I just ordered Ayoob's book and can not find Ota's. Does anyone know a publisher that has the book? Can't have too many reference manuals.

ACP230
July 7, 2005, 10:49 AM
Here's the outfit that published Mitch's book:

Wolfe Publishing Co.
6471 Airpark Dr.
Prescott, AZ 86301

I'm not sure if they still have it in stock.
Mitch posts here occasionally, he uses Otasan as his handle.
He might have some books left. HTH.

md2lgyk
July 7, 2005, 12:02 PM
My club has pin matches and I've shot a couple. I do NOT recommend 230 gr FMJ .45 ACP. After shooting a round where the pins were new (not shot up yet), I happened to look down at the ground and lying next to my foot was a .45 bullet that had bounced off one of the pins. On inspecting the pins, not a one of them had been penetrated by a bullet; all had richocheted off in some direction or other.

flip
July 7, 2005, 01:03 PM
I had the best results using a bullet with a flat tip profile (swc, wc fp) or hollow point. I always aim right below center.

Krag
July 7, 2005, 04:09 PM
I have shot pins with .357 revolvers for almost two decades. My pin load uses a 180 gr. TC lead bullet traveling at approximately 1050 fps out of a 6" ported barrel. It's deadly pin medicine. :cool:

ACP230
July 7, 2005, 05:15 PM
I have it on good authority that this Krag fellow's best event at the pin match I was describing was: Trivia ! :D

JackOfAllTradesMasterAtNone
July 8, 2005, 09:13 PM
I've shot one pin match in my life earlier this year. I had fun, but had some ammunition issues. I was one of two with wheel guns. I made it into the second round and with the issues I was having, feel pretty proud of that going up against people that shoud this quite often. We have a minumum power factor to meet for pin shoots. It's 195. Pushing my 8" bbl Dan Wesson I could get that easily with 147gn jhp or jsp's. But I found that the jsw's did well too. The hollow points held more mass and delivered more consistent knockdown. I found that center of the diamond was best as a solid hit there would most often make the pin take flight off the table. In most pins, there's a drilled section lower than that filled with solid foam. A hit there may not always yeild the best results. The drilling is when they balance them I guess.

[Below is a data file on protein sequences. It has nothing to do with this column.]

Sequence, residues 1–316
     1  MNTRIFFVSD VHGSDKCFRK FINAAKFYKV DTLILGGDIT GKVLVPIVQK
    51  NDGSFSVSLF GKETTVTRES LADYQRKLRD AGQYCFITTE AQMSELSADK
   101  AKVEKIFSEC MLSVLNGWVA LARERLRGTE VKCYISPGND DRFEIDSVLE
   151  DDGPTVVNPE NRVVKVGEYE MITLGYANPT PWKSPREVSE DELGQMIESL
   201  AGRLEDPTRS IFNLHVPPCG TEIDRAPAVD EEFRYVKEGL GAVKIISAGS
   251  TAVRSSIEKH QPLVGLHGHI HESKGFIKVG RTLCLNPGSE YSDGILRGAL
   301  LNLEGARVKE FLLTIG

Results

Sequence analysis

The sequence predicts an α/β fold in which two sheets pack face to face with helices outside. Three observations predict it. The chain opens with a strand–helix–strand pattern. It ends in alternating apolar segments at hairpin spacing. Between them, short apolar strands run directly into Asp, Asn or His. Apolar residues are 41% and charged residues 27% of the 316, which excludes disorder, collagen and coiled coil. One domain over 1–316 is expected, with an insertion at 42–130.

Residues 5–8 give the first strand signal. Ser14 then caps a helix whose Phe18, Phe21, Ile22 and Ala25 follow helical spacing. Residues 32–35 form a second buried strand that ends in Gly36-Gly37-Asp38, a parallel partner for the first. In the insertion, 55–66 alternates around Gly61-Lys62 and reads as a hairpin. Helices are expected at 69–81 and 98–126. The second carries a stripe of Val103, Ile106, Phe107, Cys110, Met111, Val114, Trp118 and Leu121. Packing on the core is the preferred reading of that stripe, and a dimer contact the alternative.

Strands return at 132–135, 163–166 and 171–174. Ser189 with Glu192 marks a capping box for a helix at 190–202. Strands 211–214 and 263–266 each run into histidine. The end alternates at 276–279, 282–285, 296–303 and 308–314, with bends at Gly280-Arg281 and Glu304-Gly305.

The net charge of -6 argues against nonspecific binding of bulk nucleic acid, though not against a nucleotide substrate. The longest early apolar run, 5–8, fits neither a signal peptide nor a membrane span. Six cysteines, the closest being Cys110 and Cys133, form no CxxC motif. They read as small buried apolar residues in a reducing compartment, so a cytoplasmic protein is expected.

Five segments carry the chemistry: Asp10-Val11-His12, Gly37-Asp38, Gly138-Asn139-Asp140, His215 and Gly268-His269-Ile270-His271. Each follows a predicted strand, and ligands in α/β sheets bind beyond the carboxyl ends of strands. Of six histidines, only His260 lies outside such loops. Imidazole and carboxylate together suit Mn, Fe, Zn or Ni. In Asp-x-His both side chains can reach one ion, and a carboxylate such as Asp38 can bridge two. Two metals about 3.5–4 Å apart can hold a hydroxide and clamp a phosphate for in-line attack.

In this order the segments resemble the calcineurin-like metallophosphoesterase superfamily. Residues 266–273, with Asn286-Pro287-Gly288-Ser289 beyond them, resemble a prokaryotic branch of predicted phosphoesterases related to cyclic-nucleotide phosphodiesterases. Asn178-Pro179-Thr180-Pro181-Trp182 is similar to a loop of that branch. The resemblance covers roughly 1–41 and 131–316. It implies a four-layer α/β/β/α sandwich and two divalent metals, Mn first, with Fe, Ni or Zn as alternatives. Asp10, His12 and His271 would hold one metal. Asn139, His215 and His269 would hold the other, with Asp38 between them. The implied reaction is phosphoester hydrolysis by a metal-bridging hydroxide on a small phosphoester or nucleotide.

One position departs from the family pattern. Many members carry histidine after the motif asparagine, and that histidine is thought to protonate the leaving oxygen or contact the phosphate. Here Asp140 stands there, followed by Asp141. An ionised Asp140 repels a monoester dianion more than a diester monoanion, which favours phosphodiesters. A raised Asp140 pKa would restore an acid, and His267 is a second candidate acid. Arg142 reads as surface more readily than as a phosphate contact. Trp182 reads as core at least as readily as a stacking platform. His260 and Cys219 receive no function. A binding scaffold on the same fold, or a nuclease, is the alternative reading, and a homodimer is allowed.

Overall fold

I did find that the guys with the almost race gun 45acp's did have an advantage over me. Even with speed loaders, which I'm not all that experienced with, they could slam a magazine home quicker if anyone missed. I did take one chance that paid off. Against a guy that was using a nice Kimber. We both ran out of rounds and had on pin each laying on the table. I had the speed loader but had the box of rounds on the bench. I grabbed one shell. Shoved her in the cylinder, closed and fired before he did. My pin flew off the table. It was a gamble on the one shot, but it worked that time.

Before you go shoot a match, get some shot up pins to practice with. Set up a table. With a wheel gun, each of five shots counts. Your last one is insurance. Slow and steady, work on the accuracy then work on the speed. Some of these guys are in the 3 second range for five pins. Starting out, I was happy with five seconds with clean table. Consistency will win in this competition. I haven't been back to the pin shoot, (once a month at my club), but I shall return. It's fun.

-Steve

Sunray
July 8, 2005, 11:42 PM
"...I've never even seen one (a shoot that is ),& am curious..." You owe it to yourself to go to any pin shoot you can. I can't think of any shooting game that's anywhere near as much fun.
"...Just how tough are the pins? I'd not like to break them..." Pins are wood covered with thick plastic. They'll take multiple hits from cast .45's before they get too much lead in them that can cause riccochets and become too heavy. Then they become safe outdoor firewood. The lead melts out into the dirt. Won $15US at Second Chance one year guessing the weight of a half pop(soda to some of ya'll) can of the lead that came out of pins. A couple of guys part filled a can from their fire, and ran this informal "lottery", $5 to get in and you guessed the weight of the lead "ingot". I split it with some other guy. Dam, I miss that shoot. Going to the few Second Chance Shoots I got to were the best vacations I've ever had.